SUNY New Paltz Students Dance to End Violence Against Women

A row of students dance in beautiful harmony. The synchronicity helps illustrate how everyone must band together.

For more coverage, please see After the Rising and SUNY New Paltz One Billion Rising

It was 2:55 p.m. when 20-year-old Renee Petrillo walked into the Student Union Atrium filled with 70 cheering faculty members and students. They stood in a circle, facing the empty middle of the room.

“What’s happening?” she asked a few students who were standing by the glass doors, playing with their iPhones.

They told her about V-Day, a global movement to bring awareness to violence against women. On the holiday’s 15th anniversary, SUNY New Paltz was among several colleges in 203 countries that joined in One Billion Rising, a campaign to end violence towards women using a choreographed flash mob dance to the song, “Break The Chain,” written by Debbie Allen.

Petrillo immediately decided to stay, wondering what all the fuss was about.

At 2:58 p.m. the crowd roared with cheers when approximately 90 students and faculty members wearing red, pink and black shirts walked down the Student Union steps and into the middle of the room, awaiting instructions.

A woman wearing a black shirt yelled out, “Be quiet.” The room went silent.

The sounds of coffee machines could be heard from the nearby Seattle’s Best a few feet from the room.

Organizer Corinna Caracci welcomed the crowd, while students wrapped around the grey circular computer kiosk, awaiting their cue. They then faced the view of Route 32 through the glass walls.

The music began at 3:02 p.m. with the words, “I raise my arms to the sky.”

The audience immediately took out their phones and video cameras, capturing every step of the routine. A few of the dancers forgot parts of the choreography, but immediately turned to Caracci, who was modeling the dance on top of the computer kiosk.

Brett Shindel was one those dancers.

“I knew half the choreography,” he admitted. “It’s okay though, I kept going anyway.”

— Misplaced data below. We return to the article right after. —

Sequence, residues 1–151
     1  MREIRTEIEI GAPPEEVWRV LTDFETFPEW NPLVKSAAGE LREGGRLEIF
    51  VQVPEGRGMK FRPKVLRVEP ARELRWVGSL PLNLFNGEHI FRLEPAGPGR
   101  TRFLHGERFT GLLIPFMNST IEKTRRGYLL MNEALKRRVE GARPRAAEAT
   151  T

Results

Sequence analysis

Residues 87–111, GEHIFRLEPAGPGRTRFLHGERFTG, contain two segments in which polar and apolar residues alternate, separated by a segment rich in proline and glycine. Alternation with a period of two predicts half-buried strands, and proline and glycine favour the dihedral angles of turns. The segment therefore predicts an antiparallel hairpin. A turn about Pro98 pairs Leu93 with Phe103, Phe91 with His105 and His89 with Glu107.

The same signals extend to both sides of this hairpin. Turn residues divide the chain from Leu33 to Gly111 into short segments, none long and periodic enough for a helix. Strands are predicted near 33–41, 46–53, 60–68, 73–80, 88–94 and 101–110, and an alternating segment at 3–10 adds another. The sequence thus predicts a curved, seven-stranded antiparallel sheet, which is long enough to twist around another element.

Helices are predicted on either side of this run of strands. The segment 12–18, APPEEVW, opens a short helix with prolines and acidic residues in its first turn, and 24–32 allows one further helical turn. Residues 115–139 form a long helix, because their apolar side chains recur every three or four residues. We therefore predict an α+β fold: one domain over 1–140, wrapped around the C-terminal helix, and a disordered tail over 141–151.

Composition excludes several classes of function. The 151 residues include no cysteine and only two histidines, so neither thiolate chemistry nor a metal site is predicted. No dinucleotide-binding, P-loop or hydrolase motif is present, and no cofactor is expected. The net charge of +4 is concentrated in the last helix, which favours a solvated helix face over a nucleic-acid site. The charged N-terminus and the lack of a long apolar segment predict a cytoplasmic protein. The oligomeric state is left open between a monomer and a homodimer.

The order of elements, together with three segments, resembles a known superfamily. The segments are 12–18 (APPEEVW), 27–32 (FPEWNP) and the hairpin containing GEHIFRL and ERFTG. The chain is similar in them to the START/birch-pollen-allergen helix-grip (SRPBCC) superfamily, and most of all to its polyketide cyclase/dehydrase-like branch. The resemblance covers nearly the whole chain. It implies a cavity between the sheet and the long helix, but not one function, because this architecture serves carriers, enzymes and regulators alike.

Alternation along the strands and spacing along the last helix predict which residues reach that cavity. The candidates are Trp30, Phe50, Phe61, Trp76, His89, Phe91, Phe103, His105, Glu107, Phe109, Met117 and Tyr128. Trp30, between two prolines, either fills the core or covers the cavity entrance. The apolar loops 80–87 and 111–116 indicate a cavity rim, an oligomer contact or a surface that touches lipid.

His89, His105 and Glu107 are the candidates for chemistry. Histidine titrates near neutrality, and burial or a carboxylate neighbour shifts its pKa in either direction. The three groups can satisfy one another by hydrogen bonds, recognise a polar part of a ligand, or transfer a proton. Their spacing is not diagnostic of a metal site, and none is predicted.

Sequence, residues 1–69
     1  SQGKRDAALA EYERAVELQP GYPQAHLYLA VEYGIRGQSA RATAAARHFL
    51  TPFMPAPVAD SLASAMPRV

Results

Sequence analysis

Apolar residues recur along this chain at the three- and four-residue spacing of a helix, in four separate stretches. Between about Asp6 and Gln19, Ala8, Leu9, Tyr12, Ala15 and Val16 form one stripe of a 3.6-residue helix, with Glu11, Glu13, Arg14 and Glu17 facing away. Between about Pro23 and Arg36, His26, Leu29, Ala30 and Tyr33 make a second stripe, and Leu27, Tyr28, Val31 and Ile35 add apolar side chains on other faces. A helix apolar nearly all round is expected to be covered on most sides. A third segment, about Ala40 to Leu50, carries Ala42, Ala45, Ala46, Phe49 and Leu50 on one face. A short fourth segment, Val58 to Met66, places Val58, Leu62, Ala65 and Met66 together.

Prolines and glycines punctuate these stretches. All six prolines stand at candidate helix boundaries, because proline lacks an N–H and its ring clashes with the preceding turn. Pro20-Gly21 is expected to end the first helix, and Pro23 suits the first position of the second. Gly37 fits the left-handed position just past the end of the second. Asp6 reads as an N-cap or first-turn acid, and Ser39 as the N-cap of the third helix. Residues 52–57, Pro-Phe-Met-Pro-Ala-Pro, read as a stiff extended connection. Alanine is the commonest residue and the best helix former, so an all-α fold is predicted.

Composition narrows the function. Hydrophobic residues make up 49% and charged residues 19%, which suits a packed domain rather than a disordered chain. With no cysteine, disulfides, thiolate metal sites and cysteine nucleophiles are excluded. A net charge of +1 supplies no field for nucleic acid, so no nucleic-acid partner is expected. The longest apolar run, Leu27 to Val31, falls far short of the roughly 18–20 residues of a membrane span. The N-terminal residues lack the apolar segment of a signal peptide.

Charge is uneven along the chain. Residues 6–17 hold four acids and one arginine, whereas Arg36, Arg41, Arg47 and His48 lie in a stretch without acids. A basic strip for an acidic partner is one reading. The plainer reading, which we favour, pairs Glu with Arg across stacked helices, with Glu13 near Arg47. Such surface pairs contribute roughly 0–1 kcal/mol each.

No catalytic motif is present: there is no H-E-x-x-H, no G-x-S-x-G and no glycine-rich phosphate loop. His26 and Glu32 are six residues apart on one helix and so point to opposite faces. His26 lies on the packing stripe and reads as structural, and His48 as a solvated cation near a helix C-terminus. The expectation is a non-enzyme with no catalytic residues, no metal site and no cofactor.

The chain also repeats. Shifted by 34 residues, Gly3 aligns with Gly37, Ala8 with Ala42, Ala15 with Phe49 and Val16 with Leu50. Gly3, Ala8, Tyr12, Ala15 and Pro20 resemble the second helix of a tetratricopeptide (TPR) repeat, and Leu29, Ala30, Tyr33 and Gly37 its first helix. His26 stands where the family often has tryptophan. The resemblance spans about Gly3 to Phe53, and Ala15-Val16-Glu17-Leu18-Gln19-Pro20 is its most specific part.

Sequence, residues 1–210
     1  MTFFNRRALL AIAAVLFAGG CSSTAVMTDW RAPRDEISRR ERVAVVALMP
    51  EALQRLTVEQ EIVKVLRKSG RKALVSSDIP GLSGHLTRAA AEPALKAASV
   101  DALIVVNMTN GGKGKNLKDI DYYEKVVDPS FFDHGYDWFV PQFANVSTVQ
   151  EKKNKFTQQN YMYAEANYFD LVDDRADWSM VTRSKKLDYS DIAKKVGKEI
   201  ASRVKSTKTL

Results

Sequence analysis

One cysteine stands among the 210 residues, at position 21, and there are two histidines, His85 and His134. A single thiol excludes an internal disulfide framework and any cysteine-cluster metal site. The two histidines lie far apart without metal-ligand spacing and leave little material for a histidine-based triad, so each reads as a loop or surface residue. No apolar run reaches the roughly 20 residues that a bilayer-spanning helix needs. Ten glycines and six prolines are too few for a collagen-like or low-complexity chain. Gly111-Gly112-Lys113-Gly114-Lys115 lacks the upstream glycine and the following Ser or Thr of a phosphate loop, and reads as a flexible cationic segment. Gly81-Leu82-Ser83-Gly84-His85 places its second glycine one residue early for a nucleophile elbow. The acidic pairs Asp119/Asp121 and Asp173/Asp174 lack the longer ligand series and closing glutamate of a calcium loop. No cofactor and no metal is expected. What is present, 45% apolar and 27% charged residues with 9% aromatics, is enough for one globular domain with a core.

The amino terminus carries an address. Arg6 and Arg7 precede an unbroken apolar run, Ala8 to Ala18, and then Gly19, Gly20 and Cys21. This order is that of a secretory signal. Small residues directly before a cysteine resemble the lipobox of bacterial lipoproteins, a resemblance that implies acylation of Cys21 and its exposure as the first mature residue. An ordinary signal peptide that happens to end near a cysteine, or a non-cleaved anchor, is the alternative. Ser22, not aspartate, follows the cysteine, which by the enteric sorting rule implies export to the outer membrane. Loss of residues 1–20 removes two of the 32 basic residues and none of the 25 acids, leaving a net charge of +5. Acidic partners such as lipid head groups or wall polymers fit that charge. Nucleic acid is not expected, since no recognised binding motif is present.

Shindel, like many of the dancers, attended the choreography practices held at the Athletic and Wellness Center and residence halls across campus earlier that week. He practiced twice before the event.

The 21-year-old had his eyes on the instructors during the dance. The leaders were smiling and moving their bodies to the music. Three students in the crowd tried to emulate the dance but failed when the group took steps from left to right.

The dancers finished their routine by holding their pointer fingers to the sky. They then sprung into their own unique freestyle movements. Dancers ran into the crowds stealing viewers away from their friends to join in on the dancing action.

A blonde dancer grabbed a man standing by the stairs. “Dance with me,” she yelled and yanked him away from his friends and they danced in the middle of the room with other audience members.

President Donald Christian attended the event, but wasn’t up for dancing given his “bad knees.” He said he was proud of the students for standing up for such an important cause.

“I’m impressed by the spirit of students and the others who turned out,” Christian said. He said he was also impressed by the students who continue “to be part of causes bigger than themselves.”

The crowd clapped and cheered once the music stopped. The dancers then walked away from the dance floor and left the room, continuing about their day.

Petrillo, still in the same spot as she was when she walked in, was surprised by the event. Although she didn’t know about the movement, she was glad she stayed to see the dance. “It looks like everyone was having fun,” she said. “That’s all that really counts, right?”

The fun continued on 3 Veterans Drive where the whole town rose to the occasion by dancing in the street.



Ricardo Hernandez

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